[Diggers350] MP letter template re Fri 22 Jan deadline for Right To Roam debate
tony at cultureshop.org.uk
Wed Dec 30 00:36:18 GMT 2020
Write to your MP - ask them to attend the debate on trespass
Thanks to the 134,000 of you who signed our
petition, 'Don't criminalise trespass', MPs will
debate this issue in Parliament. The Petitions
Committee have scheduled a debate in Westminster
Hall for Monday 25th January 2021. To speak, MPs
have to register with the Speaker of the House by
Friday 22nd January. It's vital we get MPs attending representing your views.
Please contact your MP using and adapting the
template email below. You can look up your MP and
their email address on the
website here. Remember to include your postcode
when you send your email, to show you're a
constituent, otherwise they won't have to respond.
Template email for you to adapt and send to your
MP compliments of glorious Guy Shrubsole:
Subject: Don't criminalise trespass - please
register to attend the Petitions Committee debate on 25th January
As your constituent, I'm very concerned by the
Government's proposals to criminalise trespass.
Together with over 134,000 other people, I signed
this Parliamentary petition to oppose the
criminalisation of trespass (here:
If you follow the link, you can click through to
a map showing how many other of your constituents also care deeply about this.
The petition is now scheduled for a Petitions
Committee debate in Westminster Hall on Monday
25th January 2021 at 4.30pm, and I would like you
to attend to represent my concerns. Please
register to take part in the debate with the
Speaker of the House by Friday 22nd January.
I'm concerned because criminalising trespass
would be an extreme, illiberal and unnecessary
attack on ancient freedoms that would threaten
ramblers who stray from the path, wild campers,
Travellers, peaceful protestors and the wider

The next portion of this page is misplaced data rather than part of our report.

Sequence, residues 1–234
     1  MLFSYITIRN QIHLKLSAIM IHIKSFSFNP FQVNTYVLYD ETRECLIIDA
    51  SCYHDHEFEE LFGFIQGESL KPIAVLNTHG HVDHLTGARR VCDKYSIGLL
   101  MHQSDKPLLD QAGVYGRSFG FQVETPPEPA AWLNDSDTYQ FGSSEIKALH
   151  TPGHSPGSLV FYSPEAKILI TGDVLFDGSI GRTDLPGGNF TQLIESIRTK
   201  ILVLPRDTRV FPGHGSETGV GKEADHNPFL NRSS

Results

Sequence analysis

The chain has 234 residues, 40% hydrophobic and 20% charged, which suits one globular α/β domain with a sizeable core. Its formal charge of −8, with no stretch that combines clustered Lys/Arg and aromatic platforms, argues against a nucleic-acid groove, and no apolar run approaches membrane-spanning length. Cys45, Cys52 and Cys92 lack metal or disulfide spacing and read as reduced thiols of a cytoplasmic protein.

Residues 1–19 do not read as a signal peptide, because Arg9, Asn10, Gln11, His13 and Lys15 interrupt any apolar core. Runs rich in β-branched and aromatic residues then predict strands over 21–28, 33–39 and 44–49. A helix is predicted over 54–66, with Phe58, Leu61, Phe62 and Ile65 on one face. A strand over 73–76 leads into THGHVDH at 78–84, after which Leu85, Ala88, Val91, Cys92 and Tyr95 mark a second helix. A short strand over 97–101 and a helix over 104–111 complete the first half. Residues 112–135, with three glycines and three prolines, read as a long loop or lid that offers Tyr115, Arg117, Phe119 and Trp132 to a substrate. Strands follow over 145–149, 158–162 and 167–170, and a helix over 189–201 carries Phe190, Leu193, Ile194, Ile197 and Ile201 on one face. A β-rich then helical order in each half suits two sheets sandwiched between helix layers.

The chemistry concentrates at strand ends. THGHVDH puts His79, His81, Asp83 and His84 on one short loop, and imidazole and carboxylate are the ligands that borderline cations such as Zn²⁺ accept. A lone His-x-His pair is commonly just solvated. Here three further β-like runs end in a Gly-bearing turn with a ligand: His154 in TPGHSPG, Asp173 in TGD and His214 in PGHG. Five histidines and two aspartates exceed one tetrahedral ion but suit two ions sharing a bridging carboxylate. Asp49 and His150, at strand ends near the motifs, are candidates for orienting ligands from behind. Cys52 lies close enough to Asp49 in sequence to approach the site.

public keen to enjoy nature. Fear of
criminalisation may even deter amateur
naturalists from carrying out wildlife surveys, as some scientists have warned.
Access to nature is vital for everyones physical
and mental health something lockdown
demonstrated vividly. Last years exceptional
spring, combined with the coronavirus
regulations, meant many people stopped to observe
and experience nature in ways they hadnt since
childhood. With restrictions on overseas travel,
many more people enjoyed their summer holidays in
the British countryside. Sales of camping
equipment have soared; British Canoeing has seen
a 40% jump in membership; and National Parks have
seen huge numbers of visitors from sections of
the population whove never visited them before.
Criminalising trespass would create a massive
chilling effect on visits to the countryside.
Many people are already put off visiting rural
Britain through unfamiliarity, poor transport
links, existing civil trespass laws and a general
sense that they dont belong or arent welcome in
the countryside. Such feelings are multiplied
greatly for Black, Asian and ethnic minority Britons.
Criminalising trespass isnt just draconian,
its completely unnecessary. Landowners who wish
to sue trespassers can already do so via the
courts. Police forces have stated they dont want
or need any additional powers to deal with
unauthorised encampments, whether by Travellers
or protestors (see
Gypsies and Travellers are already amongst the
most marginalised communities in the UK, and
criminalising trespass or increasing police
powers of eviction would compound the inequalities they experience.
Criminalising trespass is opposed by numerous
access and environment groups, from the Ramblers
and British Mountaineering Council to CPRE and
the British Horse Society, who wrote to the Home
Secretary earlier this year urging her to
reconsider the proposals (see
It is also opposed across party lines: the chair
of the Conservative Environment Network, Ben
Goldsmith, wrote an article in the Telegraph this
Autumn calling on the Government to drop plans to
criminalise trespass (see
The Petitions Committee has scheduled a debate on
this subject for Monday 25th January. I'm
therefore calling on you as my representative to
please attend the debate, and to relay my
concerns and those shared by people up and down the country.
[Your name and postcode]
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